I always used to think it was called “breyani”. I never really took note of how it was actually spelt until I started doing a deep dive into curries from around the world. It makes for interesting reading if you enjoy that kind of thing, which everyone here knows I do!!!! I do enjoy a good curry and my best food memory of a good curry was from Durban back in the 90’s. My sister Lynne and Kevin, her fiancee at the time, took us to the Dutch East India Company. I went in search of it but can no longer find it, so it must have closed down.
Regardless of how you spell Biryani or Breyani and you will still find a million recipes for it on the internet. I know you come here to my page so that you don’t have to sift through a million recipes to get to a good one. Kev, my brother-in-law always gives me a jibe about my food. He likes to pretend I don’t actually know what I’m doing in the kitchen. We joke and jossle back and forth because he too is a good cook. He learned to cook in the navy if that’s anything to go by.
Family dinners are for sharing and catching up
Last night they came around for dinner with my Dad, Iain. I made this quick chicken biryani. This was inspired by my niece, Tayla. She loves chicken and onions and what better way to give her what she loves in the form of a biryani. I pulled out my notes and got cracking on the Biryani curry paste. Of course you can go out and buy a paste, but honestly this one is super quick and easy to make. It’s also very versatile, as curry is, so you can play around with the flavours you enjoy most.
Brother’s-in-law you’ve gotta love them
Back to Kev last night, we are sitting around the dinner table chatting and catching up with my Dad’s day at the doctor. He’s a stubborn old goat and had been refusing to see one for a while. Lynne, eventually persuaded him to go, much to all our relief. It turns out he’s the picture of health, apart from a hernia that needs attending to. Kev is merrily tucking in to the biryani and mutters “this is not bad” I let it slide and continue on with our chatter around the table. Again a small mutter comes from Kev “this is good” smacking his lips in appreciation. Again, I let this comment wash over me as I sip on my chardonnay. I’m on full alert! I’m waiting! Everyone else is singing my praises about the biryani, but I’m always waiting for that one small utterance of validation from Kev. And there it is. It slips out almost silently. I think he was oblivious to actually saying a word, I’m sure he believed it was only uttered in his thoughts, but is snuck out and I pounced. “this is VERY good!” he says, digging in now almost licking the bowl wondering where it all went in such a hurry. HaHuh!!!!! I say in delight, “VERY Good” hey!!!! Well will you listen to that Lynne! That’s high praise from old Kevie indeed. So don’t take my word for it, let Kev be the judge on this one.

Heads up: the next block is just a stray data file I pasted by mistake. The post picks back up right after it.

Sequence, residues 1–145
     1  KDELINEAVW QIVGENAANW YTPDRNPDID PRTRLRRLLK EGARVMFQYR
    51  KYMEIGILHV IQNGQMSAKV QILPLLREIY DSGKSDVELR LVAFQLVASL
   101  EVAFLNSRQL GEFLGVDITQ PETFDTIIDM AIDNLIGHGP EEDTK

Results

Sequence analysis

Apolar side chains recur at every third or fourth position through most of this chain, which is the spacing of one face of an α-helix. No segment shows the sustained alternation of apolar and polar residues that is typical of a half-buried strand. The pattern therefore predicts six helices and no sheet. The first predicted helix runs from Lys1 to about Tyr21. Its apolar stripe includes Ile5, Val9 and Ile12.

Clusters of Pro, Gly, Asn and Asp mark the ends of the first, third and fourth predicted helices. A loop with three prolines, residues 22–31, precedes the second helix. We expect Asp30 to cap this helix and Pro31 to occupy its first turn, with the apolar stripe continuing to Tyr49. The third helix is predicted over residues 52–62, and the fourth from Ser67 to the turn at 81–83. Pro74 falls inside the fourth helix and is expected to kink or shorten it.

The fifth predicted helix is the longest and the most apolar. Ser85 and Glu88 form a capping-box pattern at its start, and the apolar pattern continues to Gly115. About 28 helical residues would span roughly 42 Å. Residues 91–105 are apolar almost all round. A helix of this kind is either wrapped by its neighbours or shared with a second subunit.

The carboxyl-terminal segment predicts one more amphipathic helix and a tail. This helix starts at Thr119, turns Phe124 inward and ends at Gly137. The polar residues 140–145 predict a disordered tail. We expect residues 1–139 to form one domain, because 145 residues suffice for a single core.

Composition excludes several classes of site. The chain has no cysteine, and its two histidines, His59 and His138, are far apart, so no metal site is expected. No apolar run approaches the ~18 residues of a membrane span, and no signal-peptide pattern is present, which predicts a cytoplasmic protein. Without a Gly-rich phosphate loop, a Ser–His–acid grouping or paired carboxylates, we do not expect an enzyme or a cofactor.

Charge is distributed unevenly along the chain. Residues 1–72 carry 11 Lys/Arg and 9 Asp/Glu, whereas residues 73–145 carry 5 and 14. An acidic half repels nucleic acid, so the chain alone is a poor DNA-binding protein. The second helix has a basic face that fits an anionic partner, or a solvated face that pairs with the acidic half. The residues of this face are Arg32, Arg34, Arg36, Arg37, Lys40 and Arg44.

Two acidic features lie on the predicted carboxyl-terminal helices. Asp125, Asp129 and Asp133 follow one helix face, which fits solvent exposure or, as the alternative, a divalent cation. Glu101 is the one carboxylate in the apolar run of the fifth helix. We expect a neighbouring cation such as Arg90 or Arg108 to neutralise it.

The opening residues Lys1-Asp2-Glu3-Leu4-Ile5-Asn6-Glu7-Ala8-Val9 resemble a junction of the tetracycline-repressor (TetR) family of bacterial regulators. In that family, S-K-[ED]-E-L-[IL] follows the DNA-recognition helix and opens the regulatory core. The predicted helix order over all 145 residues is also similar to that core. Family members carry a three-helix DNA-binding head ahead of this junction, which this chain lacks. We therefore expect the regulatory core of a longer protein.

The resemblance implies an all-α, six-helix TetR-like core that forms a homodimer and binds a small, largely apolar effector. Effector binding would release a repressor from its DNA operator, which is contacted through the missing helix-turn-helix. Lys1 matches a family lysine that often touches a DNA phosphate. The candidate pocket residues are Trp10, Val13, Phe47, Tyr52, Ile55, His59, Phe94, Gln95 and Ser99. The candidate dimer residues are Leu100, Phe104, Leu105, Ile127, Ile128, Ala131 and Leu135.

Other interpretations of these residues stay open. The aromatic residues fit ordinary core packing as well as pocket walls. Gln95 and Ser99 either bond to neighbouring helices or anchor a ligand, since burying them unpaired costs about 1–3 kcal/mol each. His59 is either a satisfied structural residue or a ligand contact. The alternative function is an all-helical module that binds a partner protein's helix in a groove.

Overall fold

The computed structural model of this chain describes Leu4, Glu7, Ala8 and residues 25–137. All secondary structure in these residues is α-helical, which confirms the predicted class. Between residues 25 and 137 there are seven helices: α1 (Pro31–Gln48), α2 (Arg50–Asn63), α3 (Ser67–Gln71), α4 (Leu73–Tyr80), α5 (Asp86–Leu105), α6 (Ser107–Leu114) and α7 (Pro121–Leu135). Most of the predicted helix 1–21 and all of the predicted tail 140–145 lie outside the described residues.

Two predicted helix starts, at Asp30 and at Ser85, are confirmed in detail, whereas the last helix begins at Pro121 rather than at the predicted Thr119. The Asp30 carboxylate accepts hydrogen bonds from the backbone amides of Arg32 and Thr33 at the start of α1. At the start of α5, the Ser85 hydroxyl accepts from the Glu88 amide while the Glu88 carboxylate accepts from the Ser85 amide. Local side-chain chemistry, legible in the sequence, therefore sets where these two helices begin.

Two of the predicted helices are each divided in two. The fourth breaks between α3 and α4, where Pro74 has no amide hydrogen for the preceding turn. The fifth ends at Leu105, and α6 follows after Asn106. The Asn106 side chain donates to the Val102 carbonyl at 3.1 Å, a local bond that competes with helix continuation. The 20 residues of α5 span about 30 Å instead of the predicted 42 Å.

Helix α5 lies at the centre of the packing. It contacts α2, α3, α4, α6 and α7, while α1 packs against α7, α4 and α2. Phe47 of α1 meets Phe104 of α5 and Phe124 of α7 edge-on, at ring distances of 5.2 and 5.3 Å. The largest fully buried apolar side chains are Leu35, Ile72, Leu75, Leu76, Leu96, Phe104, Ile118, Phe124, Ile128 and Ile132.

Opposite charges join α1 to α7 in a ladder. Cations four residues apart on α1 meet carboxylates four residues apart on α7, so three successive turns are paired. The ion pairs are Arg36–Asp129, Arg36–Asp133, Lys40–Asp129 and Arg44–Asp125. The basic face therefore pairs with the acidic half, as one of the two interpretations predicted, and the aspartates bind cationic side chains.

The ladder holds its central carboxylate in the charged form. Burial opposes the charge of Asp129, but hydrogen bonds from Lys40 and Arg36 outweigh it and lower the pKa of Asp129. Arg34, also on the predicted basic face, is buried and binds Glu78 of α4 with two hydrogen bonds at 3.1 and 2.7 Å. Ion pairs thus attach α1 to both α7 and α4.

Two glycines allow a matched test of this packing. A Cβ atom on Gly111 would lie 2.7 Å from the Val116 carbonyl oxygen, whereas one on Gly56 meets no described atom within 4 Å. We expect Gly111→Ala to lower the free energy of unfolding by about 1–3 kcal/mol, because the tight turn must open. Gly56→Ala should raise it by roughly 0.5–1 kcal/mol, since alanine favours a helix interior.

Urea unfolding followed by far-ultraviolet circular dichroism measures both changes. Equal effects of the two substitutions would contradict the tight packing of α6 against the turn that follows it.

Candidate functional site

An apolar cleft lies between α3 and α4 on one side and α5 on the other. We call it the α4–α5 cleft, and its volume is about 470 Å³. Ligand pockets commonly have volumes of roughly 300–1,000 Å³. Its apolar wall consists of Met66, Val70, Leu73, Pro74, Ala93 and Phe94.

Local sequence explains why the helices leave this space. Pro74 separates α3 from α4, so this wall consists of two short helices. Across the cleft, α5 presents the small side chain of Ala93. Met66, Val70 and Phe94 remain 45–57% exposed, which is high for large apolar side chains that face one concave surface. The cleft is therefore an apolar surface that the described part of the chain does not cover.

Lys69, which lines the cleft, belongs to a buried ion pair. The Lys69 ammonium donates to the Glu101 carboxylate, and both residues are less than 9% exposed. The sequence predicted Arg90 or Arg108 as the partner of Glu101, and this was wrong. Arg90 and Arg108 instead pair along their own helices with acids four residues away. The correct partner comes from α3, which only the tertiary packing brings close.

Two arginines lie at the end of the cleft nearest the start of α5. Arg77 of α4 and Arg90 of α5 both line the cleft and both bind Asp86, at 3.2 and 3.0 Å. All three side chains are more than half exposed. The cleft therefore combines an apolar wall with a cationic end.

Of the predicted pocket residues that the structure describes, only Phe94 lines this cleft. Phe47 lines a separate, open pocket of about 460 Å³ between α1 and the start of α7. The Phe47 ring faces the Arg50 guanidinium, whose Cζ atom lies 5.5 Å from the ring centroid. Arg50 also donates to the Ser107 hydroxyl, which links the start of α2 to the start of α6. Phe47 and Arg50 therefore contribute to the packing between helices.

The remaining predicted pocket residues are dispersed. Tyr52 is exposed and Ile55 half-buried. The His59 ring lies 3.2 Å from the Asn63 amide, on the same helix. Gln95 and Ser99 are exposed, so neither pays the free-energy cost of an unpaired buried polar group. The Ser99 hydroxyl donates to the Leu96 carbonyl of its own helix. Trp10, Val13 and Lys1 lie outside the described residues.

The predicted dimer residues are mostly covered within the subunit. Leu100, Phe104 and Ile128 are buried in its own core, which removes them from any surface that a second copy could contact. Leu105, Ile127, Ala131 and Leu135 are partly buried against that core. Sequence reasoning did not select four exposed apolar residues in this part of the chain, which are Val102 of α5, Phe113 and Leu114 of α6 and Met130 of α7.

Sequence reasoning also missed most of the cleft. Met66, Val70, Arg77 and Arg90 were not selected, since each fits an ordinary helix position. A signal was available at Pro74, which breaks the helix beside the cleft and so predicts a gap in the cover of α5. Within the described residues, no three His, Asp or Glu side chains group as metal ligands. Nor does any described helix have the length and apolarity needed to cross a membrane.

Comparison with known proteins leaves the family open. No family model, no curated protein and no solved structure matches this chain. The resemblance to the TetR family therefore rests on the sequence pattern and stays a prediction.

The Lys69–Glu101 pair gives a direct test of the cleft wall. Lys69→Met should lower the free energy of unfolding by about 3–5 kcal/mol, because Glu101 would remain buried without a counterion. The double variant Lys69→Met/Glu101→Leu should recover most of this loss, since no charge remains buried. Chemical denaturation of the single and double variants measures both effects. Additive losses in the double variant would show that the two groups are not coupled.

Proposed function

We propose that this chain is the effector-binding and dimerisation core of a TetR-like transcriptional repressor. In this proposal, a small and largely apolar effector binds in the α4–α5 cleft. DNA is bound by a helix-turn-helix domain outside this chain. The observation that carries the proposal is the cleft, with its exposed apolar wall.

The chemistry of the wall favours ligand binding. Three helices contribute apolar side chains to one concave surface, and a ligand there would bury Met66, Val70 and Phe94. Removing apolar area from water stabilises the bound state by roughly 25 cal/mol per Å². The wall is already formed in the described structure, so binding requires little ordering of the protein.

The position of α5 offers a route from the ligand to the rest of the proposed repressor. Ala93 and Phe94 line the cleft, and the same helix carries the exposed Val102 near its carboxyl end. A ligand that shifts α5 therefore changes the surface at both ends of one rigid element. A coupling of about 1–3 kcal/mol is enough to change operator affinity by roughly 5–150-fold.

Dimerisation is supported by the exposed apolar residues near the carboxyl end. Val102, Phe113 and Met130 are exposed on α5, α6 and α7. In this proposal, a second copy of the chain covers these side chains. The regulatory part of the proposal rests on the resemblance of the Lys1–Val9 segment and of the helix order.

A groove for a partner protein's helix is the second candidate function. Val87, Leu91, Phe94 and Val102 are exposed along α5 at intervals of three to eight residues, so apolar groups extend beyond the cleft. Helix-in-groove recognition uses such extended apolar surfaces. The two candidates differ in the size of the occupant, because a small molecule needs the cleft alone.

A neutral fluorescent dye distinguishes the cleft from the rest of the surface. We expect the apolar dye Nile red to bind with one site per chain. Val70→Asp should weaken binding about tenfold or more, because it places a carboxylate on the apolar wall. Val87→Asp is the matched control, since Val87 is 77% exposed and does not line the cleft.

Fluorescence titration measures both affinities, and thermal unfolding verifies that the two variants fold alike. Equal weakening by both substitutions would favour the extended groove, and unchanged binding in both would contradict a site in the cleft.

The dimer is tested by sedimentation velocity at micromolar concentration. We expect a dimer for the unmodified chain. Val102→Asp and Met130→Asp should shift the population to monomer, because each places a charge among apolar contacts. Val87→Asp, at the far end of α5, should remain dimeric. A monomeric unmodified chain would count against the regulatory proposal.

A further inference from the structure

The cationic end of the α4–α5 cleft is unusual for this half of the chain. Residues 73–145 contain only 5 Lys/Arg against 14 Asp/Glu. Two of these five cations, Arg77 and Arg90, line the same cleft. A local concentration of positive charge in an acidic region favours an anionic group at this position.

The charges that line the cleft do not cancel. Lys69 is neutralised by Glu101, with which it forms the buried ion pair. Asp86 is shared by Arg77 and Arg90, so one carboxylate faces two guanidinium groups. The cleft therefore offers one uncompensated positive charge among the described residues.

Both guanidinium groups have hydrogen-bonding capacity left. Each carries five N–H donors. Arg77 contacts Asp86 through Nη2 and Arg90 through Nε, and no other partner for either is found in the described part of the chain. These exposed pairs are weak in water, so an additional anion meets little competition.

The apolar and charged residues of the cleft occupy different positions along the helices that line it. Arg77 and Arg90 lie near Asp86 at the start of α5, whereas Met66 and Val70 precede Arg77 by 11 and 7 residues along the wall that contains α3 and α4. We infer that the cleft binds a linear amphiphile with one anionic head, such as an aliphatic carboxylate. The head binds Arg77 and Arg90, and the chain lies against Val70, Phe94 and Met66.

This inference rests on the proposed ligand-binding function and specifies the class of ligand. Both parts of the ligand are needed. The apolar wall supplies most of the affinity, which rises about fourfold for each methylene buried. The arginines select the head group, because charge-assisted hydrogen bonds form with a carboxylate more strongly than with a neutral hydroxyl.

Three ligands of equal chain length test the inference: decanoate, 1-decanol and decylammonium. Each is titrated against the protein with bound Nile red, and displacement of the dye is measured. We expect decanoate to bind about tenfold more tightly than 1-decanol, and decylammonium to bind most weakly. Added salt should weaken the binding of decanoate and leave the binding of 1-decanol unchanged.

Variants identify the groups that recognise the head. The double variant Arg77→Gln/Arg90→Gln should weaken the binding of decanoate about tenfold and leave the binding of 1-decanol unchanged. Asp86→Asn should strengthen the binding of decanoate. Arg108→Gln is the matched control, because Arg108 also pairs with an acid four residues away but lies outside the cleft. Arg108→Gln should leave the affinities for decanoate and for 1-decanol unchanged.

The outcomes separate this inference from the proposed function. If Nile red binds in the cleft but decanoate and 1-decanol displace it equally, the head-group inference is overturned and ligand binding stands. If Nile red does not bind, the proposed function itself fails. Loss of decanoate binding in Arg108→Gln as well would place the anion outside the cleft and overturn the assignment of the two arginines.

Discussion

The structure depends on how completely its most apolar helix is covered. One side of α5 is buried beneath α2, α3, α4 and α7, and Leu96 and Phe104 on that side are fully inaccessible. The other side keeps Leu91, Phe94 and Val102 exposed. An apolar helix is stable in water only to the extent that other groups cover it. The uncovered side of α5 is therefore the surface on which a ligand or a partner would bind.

Sometimes, you just want to jump in the car or call Mr D to get a good curry. I urge you to give this one a try. Technically its not a curry but more an aromatic chicken. Biryani in my experience is mostly lots of rice and you have to dig around to find the chicken. Here you can enjoy as much or as little chicken and rice as you like. To add more punch to the curry have extra chilli sauce on the side. This way you never have to fight about how hot to make it, you can just add the heat after you’ve served yourself in your own bowl.
I feel like I’m the only one on this planet who doesn’t have an airfryer. My goodness talk about hype, even my Dad has inherited one from Lynne. I’m sure you can use it to get a quick chicken crackling going. I’m told it crisps up just about everything. So if you do have an airfryer, give my chicken crackling a go. If not give it a go anyway in the oven. It’s a very good alternative to pork crackling and a whole lot quicker to make.
- BIRYANI CURRY PASTE RECIPE
- 1 onion roughly chopped
- 2½ cm fresh ginger peeled use a teaspoon to peel it
- 4-6 garlic cloves skinned
- 2 green chillis
- 2 Tbls Olive oil
- 10 ml ground tumeric
- 10 ml ground coriander